The power struggle in Washington between conservative Republicans and more-conservative Republicans has materialized in the metro-east.
State Sen. Kyle McCarter officially announced Wednesday that he will challenge Congressman John Shimkus, a fellow Republican, in the primary in March.
McCarter, of Lebanon, told supporters gathered in Highland that he has a simple answer for people who have questioned why he would want to take on another Republican — possibly squandering GOP money that could be used to defeat Democrats.
“My response was, ‘He can resign,’” McCarter told the group.
McCarter staked a claim to being the more conservative of the two, saying he decided to seek Illinois’ 15th Congressional District in response to Congress’ failure to defund Planned Parenthood, as well as Supreme Court rulings on gay marriage.
McCarter said the congressional district is one of the most conservative in the country, and “our voice should be the loudest” on conservative issues.
“My opponent has protested in front of Planned Parenthood one week, and then gone to Washington, D.C., and voted for the Continuing Resolution to fund planned parenthood,” McCarter said. “And I think that’s what happens when you just get out of touch. You think you can get away with it, but you can’t.”
Shimkus spokesman Steve Tomaszewski said Wednesday that most Planned Parenthood funding is through the states, as Medicaid payments. Tomaszewski said Shimkus has voted to redirect those entitlement funds away from Planned Parenthood. Also, Tomaszewski said, the National Right to Life Committee has stated that the Continuing Resolution was not the proper vehicle for defunding Planned Parenthood.
“Ironically, Medicaid eligibility is established by the state, and the federal government just pays its 50 percent reimbursement to the state,” Tomaszewski said. “McCarter voted for Senate Bill 2042 ... which was the federal funds pass-through bill. This bill did not include a prohibition on funding for Planned Parenthood.”
My opponent has protested in front of Planned Parenthood one week, and then gone to Washington, D.C., and voted for the Continuing Resolution to fund planned parenthood. And I think that’s what happens when you just get out of touch. You think you can get away with it, but you can’t.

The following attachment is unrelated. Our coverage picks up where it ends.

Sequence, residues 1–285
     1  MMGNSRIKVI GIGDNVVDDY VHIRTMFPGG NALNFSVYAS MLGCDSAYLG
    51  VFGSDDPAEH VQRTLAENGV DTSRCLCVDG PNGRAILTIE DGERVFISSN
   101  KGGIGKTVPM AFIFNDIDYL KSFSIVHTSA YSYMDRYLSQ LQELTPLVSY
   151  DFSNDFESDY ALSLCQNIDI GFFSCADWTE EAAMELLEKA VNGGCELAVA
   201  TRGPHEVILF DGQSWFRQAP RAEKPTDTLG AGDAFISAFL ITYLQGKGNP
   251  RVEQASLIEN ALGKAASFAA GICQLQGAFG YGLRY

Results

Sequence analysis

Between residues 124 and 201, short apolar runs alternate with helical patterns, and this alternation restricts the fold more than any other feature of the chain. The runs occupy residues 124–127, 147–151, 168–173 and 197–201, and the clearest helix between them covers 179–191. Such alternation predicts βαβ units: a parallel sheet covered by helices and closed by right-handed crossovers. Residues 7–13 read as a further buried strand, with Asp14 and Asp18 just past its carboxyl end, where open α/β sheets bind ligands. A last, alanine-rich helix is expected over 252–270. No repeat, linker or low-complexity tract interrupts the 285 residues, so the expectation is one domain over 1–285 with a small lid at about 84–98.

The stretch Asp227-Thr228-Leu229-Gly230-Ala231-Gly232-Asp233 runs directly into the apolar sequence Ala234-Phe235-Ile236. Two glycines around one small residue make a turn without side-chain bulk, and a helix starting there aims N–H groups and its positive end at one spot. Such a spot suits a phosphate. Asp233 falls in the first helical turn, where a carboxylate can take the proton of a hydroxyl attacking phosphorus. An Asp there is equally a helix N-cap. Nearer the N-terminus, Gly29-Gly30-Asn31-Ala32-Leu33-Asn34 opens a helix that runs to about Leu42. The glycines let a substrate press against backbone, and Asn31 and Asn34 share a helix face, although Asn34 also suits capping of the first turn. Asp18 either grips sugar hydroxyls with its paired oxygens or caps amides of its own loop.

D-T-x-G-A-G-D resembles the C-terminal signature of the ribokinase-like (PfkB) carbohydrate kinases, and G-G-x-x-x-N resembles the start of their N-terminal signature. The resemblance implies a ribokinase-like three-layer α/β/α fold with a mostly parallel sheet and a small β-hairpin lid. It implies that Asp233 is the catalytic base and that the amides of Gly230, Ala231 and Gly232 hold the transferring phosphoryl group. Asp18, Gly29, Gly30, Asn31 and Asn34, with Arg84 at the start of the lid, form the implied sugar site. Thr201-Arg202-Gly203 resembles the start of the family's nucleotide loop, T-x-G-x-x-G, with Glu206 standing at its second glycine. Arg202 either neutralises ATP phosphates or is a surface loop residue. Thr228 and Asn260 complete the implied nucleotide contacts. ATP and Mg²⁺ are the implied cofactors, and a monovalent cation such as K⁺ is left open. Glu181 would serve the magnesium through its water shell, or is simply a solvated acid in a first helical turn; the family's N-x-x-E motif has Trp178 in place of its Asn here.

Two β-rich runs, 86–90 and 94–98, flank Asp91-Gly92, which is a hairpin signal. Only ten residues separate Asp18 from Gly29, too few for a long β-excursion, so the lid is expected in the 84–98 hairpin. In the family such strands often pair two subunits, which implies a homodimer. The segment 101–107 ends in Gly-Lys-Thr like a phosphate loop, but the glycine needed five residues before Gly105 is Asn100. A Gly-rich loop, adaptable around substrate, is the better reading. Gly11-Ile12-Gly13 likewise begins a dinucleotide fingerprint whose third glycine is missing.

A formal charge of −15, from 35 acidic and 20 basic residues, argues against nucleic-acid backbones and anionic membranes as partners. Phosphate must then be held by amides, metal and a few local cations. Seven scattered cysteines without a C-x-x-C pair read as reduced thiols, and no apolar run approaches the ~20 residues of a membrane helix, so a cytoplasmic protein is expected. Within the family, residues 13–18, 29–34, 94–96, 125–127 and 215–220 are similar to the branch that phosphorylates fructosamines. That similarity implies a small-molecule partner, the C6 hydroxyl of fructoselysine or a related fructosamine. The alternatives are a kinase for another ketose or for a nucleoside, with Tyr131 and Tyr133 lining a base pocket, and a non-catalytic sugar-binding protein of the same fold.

McCarter said Shimkus has become too aligned with the establishment in Washington.
“Twenty years is enough. Twenty years to get something done is enough,” he said “We don’t need 20-year politicians.”
McCarter, a state senator since 2009, vowed that he won’t seek re-election when his current term ends in 2018.
“I’m term-limiting myself in the state Senate. I will not run again,” he said.
The pledge was a jab at Shimkus, who first ran for Congress in 1996 on a vow to serve only 12 years.
During a give-and-take with the audience, McCarter was asked which GOP presidential candidate he prefers.
“I’m really happy with the outsiders,” he said, mentioning Donald Trump, Ben Carson and Carly Fiorina, as well as Sen. Ted Cruz.
Several people in the audience were members of Tea Party-type groups from the region.
McCarter said afterward that his candidacy is more than a Tea Party movement.
“This takes in the people who’ve had enough of politics and don’t believe their voices are being heard,” he said.
McCarter currently resides near the border of the 15th Congressional District, but not within it. He said he’s looking for a home in Effingham.
McCarter’s 54th Senate District lies almost entirely within the congressional district — it covers about 25 percent of the congressional district.
Congressional candidates aren’t required to reside in the district they’re seeking to represent. The only residency requirement in the Constition is that the candidate, when elected, must be an inhabitant of that state in which he or she is elected.
“I don’t see that as an issue,” McCarter said.
But Shimkus has already pointed it out.
“Unlike my opponent, my family lives in the 15th District, and we never moved to Washington,” Shimkus said. “And I am proud to be a public servant — from West Point to the Army to teaching to county government to Congress.”
Shimkus said he welcomes the challenge.
“As a free-market Republican, I always say that competition is good. With that said, I will strongly defend my conservative voting record, my accessibility throughout the district, and the constituent service that my office provides to the people of Illinois,” Shimkus said.